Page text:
So now you have seen the film let me talk for a few minutes and you listen (this time without the moving images) let me try and give you a narrative version of what you have just seen – in other words what I say about the Foundation and then see if you think the five minute film effectively presented what I will now describe and perhaps the gaps between the pitch and how we presented the film.

Tim Parry Johnathan Ball Foundation for Peace

is a charity that works nationally and internationally FOR PEACE and non-violent conflict resolution

In 1993 the IRA exploded two bombs without warning in a shopping street in the town of Warrington. It was the day before Mothering Sunday and very busy. The bombs in bins created shrapnel that killed three-year-old Johnathan Ball and five days later 12-years-old Tim Parry lost his life. 54 others were seriously injured. The incident shocked the nation and gained worldwide publicity.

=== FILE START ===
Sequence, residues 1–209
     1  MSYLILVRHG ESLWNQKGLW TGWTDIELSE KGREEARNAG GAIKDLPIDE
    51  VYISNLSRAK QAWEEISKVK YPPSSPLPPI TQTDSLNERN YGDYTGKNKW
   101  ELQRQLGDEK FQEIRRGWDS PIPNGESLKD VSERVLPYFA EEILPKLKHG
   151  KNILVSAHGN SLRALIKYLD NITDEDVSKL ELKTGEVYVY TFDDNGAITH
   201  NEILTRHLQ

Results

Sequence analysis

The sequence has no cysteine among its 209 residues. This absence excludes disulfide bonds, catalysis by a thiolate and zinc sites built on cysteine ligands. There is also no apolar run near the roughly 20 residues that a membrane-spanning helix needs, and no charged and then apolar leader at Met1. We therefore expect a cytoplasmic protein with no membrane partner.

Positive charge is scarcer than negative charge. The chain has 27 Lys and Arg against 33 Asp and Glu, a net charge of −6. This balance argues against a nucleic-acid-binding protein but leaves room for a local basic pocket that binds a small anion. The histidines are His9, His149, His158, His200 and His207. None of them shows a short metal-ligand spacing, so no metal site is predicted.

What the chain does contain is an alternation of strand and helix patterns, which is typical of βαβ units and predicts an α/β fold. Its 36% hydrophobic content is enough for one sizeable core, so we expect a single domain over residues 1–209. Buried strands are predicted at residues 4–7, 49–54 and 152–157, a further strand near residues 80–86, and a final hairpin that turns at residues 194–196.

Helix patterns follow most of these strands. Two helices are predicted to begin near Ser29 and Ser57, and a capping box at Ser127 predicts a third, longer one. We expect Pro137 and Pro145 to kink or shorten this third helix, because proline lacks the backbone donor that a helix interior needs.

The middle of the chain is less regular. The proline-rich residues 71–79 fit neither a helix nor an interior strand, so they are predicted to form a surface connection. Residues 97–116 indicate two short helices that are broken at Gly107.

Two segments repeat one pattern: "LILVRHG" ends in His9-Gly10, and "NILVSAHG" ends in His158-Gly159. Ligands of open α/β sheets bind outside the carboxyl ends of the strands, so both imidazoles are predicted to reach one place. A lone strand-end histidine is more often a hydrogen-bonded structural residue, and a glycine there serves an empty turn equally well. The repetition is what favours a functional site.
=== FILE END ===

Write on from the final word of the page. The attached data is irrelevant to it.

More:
The Parents of Tim Parry, supported by Johnathan’s parents (Johnathan’s parents have passed away) wanted to gain an understanding of why they lost their children. Colin and Wendy Parry were taken by BBC Panorama to Northern Ireland and the Republic of Ireland the USA – during that visit they saw some of the work going on to create peace. They came back inspired, like many there victims, to try and make sure nobody ever experienced what they had gone through.

They formed a charitable trust with many of the donations that had come in after the bombing and they wrote a best selling book about their experience. A scholarship commenced in Tims’ name bringing together young people from different sides of the conflict to try to understand their differences and also share their commonalities.

Wendy Parry had the idea to create a location to house the scholarship and they set a vision to build a centre as a living memorial to the boys so nobody would forget them and that peace could be created. The project became a millennium goal and grew substantially with the involvement of Government and national charity the NSPCC. Opened in 2000, the Centre is a multi-purpose building on a large scale with incredible facilities from residential quarters to cafe to sport to art to special spaces for conferences and project work.